Our collaboration has led to many great publications, which have been very well recognised in our field. But the benefits to those researchers who relocated across the pond are possibly more important. Firstly, the researchers themselves often drove the application for seed/travel funding, providing them with their first experience of conceiving a project and securing funding. What is most striking is their transformation in terms of confidence, leadership and interpersonal skills, and their career successes thereafter. They have gone on to successful careers in medical device and pharmaceutical companies (Boston Scientific, Medtronic, GE Healthcare/Cytiva), small start-ups, or have become academic faculty. Many secured their own prestigious research awards (Royal Society Fellowship (Dr. Eimear Dolan), ERC Starting Independent Investigator Award (Dr. Ted Vaughan)). Eimear was named as one of 10 global visionaries on MIT Technology Review’s annual list of Innovators Under 35. I do not doubt that these international experiences, which enhanced their personal development, played a part in their successes.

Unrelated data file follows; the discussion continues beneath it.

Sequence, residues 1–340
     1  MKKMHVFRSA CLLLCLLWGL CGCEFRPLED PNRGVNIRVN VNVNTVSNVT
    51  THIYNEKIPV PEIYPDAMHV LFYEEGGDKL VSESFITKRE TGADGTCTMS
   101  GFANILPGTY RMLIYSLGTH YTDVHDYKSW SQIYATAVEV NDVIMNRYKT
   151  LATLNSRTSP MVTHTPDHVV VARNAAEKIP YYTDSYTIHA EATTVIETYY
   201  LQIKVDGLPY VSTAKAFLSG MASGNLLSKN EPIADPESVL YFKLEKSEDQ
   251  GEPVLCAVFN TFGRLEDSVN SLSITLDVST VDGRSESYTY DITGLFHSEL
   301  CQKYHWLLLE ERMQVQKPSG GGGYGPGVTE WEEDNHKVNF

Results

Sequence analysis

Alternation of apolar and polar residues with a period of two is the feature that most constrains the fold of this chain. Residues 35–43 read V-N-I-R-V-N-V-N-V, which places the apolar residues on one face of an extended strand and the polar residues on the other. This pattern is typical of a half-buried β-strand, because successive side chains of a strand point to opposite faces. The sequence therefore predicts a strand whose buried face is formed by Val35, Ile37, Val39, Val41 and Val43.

Eimear is now working with Notre Dame to explore future Undergraduate student exchanges between Notre Dame and NUI Galway, so we can continue this relationship for many more years. We have also had discussions with Lisa Caulfield about running some joint research meetings in the beautiful Kylemore Abbey Global Centre, which we are excited to progress once travel restrictions lift.

In my role as Vice Dean for Research and Innovation in the College of Science and Engineering, I am particularly motivated to expand international research collaborations to enhance the international impact of NUI Galway.

I keep in mind the words of Henry Ford “coming together is a beginning, keeping together is progress, working together is success”.


Professor Laoise McNamara

Professor of Biomedical Engineering, School of Engineering, College of Science and Engineering, NUI Galway